by Thomas Mills, Politics NC, July 2, 2015.
One of the great stories in our country’s history is the relationship between John Adams and Thomas Jefferson. They were two of the American Revolution’s intellectuals and political theorists. Their writings and thoughts helped shape the principles on which the country was founded and guided the structure of our government. Their philosophical disagreements were also largely responsible for the birth of the two-party system.
Adams was a New Englander who built his career as a lawyer in Boston. Jefferson was a Virginian who owned a large plantation. They met as representatives to the Second Continental Congress and built a strong friendship based on mutual admiration and their agreement on the need for independence from Great Britain. Jefferson wrote the Declaration of Independence while Adams, serving on the draft committee, edited it.
However, once the colonies had successfully defeated Great Britain and achieved independence, Jefferson and Adams differed on how the government of the new country should operate. Adams believed in a strong central government and was wary of populist sentiment. Jefferson was an advocate for a weaker federal government and stronger state governments and had more faith in broader democratic rule.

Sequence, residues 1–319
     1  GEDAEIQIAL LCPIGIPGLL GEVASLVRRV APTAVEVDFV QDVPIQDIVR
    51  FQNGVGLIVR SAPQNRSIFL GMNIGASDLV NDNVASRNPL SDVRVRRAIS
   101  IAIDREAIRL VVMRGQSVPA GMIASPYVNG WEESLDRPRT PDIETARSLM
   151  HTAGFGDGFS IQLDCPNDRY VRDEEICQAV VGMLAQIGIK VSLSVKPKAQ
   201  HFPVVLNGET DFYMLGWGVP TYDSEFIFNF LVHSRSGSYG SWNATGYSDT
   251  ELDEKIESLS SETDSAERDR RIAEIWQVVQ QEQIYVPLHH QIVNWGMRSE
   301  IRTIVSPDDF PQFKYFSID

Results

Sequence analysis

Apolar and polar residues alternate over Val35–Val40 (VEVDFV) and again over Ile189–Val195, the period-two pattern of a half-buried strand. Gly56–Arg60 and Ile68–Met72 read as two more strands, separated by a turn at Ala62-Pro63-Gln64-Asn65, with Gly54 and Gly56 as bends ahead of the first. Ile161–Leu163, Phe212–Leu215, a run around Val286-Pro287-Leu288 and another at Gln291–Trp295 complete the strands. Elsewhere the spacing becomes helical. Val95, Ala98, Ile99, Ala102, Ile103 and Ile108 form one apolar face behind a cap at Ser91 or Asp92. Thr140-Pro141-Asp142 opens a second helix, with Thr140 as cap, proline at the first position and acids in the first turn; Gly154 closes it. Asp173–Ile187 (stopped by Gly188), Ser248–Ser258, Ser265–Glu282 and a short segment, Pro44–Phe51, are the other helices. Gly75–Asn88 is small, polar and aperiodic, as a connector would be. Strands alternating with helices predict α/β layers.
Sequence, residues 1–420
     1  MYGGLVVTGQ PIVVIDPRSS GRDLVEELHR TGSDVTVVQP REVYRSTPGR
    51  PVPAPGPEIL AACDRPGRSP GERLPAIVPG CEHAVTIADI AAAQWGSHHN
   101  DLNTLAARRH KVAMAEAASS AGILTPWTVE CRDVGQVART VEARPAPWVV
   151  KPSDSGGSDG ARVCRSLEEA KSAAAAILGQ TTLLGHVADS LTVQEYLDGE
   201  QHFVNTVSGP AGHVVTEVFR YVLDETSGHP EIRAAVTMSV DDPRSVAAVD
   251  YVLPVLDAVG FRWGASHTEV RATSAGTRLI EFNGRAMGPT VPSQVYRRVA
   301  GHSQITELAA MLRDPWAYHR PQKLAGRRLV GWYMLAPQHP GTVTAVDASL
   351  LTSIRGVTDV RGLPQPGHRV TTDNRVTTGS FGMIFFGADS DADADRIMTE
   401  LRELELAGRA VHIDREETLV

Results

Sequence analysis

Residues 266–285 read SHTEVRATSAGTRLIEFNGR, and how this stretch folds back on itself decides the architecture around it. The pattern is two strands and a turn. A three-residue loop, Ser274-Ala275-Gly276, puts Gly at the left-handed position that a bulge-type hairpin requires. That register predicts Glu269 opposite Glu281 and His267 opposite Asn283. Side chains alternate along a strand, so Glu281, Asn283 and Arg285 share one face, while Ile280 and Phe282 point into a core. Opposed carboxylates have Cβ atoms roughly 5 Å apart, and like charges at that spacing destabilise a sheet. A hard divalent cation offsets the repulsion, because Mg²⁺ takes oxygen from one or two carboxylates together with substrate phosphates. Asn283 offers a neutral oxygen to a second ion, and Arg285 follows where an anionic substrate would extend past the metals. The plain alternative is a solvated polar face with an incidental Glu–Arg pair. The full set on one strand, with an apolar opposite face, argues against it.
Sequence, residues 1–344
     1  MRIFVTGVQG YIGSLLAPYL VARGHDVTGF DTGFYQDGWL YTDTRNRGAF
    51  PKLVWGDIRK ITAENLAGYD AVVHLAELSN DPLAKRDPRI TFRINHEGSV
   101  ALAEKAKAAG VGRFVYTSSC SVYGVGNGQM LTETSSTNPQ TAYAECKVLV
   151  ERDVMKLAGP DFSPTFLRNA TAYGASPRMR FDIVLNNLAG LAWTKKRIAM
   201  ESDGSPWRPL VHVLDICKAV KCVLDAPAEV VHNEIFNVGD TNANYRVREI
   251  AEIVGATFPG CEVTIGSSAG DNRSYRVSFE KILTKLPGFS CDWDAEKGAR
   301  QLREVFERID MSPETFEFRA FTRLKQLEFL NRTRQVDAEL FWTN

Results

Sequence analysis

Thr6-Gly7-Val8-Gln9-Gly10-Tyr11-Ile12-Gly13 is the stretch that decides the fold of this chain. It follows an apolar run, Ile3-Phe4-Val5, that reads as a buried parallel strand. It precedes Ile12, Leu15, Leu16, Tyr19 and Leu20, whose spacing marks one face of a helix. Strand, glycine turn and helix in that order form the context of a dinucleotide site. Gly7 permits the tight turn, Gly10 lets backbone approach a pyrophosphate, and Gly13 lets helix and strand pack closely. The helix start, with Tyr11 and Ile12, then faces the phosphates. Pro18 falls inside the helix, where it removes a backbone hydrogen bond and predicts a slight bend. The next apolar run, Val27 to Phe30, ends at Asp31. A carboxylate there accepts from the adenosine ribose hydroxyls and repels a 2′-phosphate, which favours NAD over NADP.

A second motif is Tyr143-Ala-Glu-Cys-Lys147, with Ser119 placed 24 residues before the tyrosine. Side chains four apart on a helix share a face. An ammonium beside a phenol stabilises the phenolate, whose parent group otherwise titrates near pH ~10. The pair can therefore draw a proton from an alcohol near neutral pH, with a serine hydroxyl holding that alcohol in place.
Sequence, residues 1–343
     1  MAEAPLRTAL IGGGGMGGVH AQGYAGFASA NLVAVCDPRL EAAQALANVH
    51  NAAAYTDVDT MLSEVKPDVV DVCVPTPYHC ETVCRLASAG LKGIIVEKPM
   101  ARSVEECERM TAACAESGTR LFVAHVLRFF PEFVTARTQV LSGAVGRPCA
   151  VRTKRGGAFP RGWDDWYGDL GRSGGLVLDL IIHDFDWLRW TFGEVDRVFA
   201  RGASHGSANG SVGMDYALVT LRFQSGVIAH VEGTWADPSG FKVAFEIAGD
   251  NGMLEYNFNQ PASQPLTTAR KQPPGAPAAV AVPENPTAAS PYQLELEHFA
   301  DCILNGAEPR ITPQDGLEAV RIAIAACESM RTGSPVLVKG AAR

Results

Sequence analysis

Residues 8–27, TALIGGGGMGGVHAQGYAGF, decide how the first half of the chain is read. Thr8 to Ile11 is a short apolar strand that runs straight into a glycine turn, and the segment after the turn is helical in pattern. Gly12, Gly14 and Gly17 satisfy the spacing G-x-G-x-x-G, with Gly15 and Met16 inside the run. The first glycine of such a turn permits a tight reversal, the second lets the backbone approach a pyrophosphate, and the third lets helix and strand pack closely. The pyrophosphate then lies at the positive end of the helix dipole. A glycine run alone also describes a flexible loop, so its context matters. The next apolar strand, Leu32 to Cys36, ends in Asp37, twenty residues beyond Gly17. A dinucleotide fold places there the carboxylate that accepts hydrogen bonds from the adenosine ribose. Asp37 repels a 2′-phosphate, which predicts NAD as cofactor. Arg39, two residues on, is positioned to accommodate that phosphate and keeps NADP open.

These competing sentiments laid the groundwork for the two party system still in place today. However, they also strained the friendship of Jefferson and Adams. Adams defeated Jefferson for president in 1796 but Jefferson defeated Adams in an ugly re-election campaign in 1800. Adams and his Federalist Party were concerned that Jefferson’s affinity for populist politics would bring the excesses of the French Revolution to America. Jefferson’s Democratic-Republicans denounced Adams for broadening the powers of the Federal government, including passing the Alien and Sedition Acts that limited personal liberty.
Jefferson’s succession of Adams was the first peaceful transition of power from one party to the other. After the election, though, the two men ceased communication. Adams retired to private life in Massachusetts while Jefferson went on to serve two terms as president.
Twelve years later, at the insistence of fellow Declaration of Independence signer Benjamin Rush, the two reestablished correspondence. It began a remarkable series of letters that spanned the next 14 years. Jefferson and Adams reminisced about the formation of the country, explained their thoughts and actions, discussed current events, consoled each other in loss, and complained about aging. Most importantly though, they realized that their shared love of the country they founded and the ideals on which it is based were more important than their disagreements about its administration and governance.
Jefferson and Adams died on the same day, July 4, 1826, exactly 50 years after they signed the Declaration of Independence.
Have a happy and safe Fourth of July.